• Ift, the best of Princes, was in despising Danger ; and has • the first Englishman that fell kept the Engagement of Friend

a Sacrifice to their Fury. Norship, whether in Prosperity or « is there one of all that Race, Adversity, sacred and inviolar * descended from such noble An- ble. Whom therefore, fur• cestors, who has not been emi- nished with such great Endow. • nent for his Love to his Coun- « ments of Mind, and all Clients

try, and Loyalty to his Prince. having wished for to defend • He suffered, indeed, in his

pa- " their Causes, not without Reaternal Inheritance, which was son, We preferred to be ope of

our

[ocr errors]
[ocr errors][ocr errors]

6

[ocr errors]
[ocr errors][merged small]
[ocr errors]
[ocr errors]
[ocr errors]

bethinking himself of what would be acceptable to the King, he sent hiin his Fool, Patch, whom six of his tallest Yeomen were scarce able to conduct, so great a Reluctance he had to part with his old Malter ; but with this Present the King appeared very much pleased.

We

[ocr errors]
[ocr errors]
[ocr errors]

0

[ocr errors]

6

a

MEMOIRS of the LORD CHANCELLORS, &C. our Counsel at Law, whom Whereupon the Lord we a second time called to be

Cowper was a second time 1741. • our Attorney General, which appointed Lord High Chancellor, Office he had once before sur

(and was the only Chancellor that tained with Honour, as far as held the Seal twice) who was • it was thought convenient ;

created Earl Cowper. « whom lastly, since we perceiv- This is his Character from Mr. • ed all those Things were in. Collins. ' In all his Stations he act. • ferior to the Largeness of his • ed with strict Integrity ; and it Capacity, we have advanced

' is to his great Honour that he • • to the highest Pitch of Foren- ' refused the New-years-gifts, sical Dignity, and made him • (which former Lord Chancel.

fupreme Judge in our Court of lors received from the Council) Equity, where he still conti- . thinking it an ill Precedent,

nues to deserve higher of us, • tending to Corruption. He ' and of all good Men; and is • had a graceful Person and win. • so much a brighter Ornament ' ning Aspect ; a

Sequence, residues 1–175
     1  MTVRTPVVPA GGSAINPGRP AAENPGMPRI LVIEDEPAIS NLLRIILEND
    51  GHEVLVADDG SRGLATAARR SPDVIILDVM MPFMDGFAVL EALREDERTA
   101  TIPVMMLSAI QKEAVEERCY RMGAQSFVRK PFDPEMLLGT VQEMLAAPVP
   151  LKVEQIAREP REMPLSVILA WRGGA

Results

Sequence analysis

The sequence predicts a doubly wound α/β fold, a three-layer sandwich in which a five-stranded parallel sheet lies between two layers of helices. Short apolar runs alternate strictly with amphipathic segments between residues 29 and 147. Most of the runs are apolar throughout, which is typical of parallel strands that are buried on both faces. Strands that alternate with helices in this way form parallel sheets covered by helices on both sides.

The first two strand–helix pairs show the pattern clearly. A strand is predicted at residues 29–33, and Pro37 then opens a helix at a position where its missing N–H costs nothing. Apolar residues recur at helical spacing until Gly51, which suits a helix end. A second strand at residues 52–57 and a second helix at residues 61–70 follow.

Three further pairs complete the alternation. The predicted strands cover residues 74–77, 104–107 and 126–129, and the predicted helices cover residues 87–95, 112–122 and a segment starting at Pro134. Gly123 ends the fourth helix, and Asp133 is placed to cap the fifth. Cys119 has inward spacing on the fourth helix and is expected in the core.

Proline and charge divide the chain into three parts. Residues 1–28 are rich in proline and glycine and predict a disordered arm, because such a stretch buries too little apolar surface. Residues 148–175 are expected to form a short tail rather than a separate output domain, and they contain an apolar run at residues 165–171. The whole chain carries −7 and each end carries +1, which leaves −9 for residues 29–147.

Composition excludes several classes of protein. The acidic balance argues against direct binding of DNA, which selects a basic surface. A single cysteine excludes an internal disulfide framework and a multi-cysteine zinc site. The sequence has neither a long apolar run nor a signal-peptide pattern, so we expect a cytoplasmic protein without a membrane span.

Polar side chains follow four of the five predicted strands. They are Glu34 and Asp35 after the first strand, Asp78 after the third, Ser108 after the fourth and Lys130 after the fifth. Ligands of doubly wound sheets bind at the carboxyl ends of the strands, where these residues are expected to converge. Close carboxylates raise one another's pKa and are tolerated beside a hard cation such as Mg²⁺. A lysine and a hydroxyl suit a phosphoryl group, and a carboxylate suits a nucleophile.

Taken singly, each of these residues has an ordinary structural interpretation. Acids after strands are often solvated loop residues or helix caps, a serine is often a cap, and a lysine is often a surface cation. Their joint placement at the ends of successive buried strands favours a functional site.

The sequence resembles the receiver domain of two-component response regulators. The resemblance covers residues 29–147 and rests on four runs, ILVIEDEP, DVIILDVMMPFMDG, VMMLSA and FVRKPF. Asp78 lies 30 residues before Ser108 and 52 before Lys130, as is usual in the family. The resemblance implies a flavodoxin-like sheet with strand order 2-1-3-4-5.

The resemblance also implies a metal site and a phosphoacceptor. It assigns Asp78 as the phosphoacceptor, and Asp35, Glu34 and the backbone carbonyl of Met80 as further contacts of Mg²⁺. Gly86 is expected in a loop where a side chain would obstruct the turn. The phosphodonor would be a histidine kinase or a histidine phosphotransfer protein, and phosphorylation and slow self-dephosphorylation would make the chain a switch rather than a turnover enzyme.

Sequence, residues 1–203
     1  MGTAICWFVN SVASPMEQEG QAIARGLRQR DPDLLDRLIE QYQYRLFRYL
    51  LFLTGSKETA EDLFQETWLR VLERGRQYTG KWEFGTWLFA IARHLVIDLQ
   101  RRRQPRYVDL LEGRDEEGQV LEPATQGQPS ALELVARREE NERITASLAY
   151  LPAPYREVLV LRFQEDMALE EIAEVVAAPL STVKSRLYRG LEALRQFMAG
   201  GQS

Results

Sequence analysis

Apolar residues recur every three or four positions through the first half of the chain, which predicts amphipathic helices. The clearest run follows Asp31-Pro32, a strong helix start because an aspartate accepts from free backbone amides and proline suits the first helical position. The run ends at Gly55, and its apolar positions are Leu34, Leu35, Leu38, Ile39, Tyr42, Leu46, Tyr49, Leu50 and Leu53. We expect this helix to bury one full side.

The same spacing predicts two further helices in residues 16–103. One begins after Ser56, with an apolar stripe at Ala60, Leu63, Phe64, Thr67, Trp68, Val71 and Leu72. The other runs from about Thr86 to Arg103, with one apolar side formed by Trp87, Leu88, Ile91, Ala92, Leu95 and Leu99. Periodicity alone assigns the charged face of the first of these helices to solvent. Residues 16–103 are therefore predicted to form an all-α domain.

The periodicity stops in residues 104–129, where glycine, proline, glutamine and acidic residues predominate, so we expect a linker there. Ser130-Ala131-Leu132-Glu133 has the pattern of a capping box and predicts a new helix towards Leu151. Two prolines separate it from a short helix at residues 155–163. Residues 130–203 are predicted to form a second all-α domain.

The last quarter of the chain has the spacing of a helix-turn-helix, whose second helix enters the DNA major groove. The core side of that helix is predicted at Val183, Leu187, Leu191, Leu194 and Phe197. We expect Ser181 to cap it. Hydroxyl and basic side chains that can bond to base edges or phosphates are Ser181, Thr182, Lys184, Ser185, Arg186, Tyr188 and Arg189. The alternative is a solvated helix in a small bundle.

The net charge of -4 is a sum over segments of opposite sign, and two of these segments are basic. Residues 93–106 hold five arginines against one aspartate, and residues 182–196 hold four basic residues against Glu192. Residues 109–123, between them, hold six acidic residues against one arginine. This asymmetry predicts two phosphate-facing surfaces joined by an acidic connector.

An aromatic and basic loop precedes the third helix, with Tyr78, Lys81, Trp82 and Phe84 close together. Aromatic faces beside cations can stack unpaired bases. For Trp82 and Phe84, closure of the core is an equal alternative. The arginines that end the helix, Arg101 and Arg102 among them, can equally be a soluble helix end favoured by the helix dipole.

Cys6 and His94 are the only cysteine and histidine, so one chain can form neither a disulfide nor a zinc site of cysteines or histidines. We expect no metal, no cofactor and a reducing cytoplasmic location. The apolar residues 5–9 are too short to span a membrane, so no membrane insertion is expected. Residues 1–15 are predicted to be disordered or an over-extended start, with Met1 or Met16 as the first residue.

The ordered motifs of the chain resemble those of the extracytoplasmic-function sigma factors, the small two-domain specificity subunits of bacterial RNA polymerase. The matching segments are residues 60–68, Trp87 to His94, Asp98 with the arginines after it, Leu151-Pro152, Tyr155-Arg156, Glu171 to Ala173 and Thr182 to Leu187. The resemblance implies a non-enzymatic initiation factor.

• ning Aspect ; and all his • to his Province, as it is more • Speeches were delivered with « honourable than the rest he has • that Eloquence, learning and gone through. He daily dif

Judgment, as made him uni• patches the Multitude of Suitsversally applauded, and shewed • in Chancery, he removes the • he had no Superior in the Know• « Obstacles which delay Judge ledge of the Law, or any other ' ment in that Court, and takes • Subject he applied himself to.'

special Care that the successful His Lordship died in Hert• Iflue of an honest Cause should fordslvire, on the 13th of Oet, cost every Plaintiff as little as

1723, was succeeded by his may which Things, as eldest Son William, now Earl • they are very grateful to us, Cowper, who married on the • honourable to himself, and 27th of June, 1732, the Lady « bencficial to the Common- Henrietta, youngest Daughter of wealth, we think deserving of the Right Hon. Henry the pre

higher Reward. Therefore, sent Earl of Grantham, by whom &c. But, upon the Accession he hath Issue one Son and a of King George the Iit, his Lord Daughter. ship was removed from his high May the 12th, the Lord Station.--See fome Account of his Parker was declared Lord 1718. Lordship's Family, Vol.II.p. 283. Chancellor, and was soon after

created

[ocr errors]

be;

[ocr errors]
[ocr errors]

We see no great Matter in Dr. Fiddes's Some Reflec

tions thereon. long supposititious Disquisition on the Cardinal's kneeling in the Dirt, &c. (See p. 472, in his Life of the Cardinal) no more than in Mr. Salmon's Observations on the Doctor, in his History of Henry the VIIIth. Though we cannot suppose he was really

in

[ocr errors]
[ocr errors]

6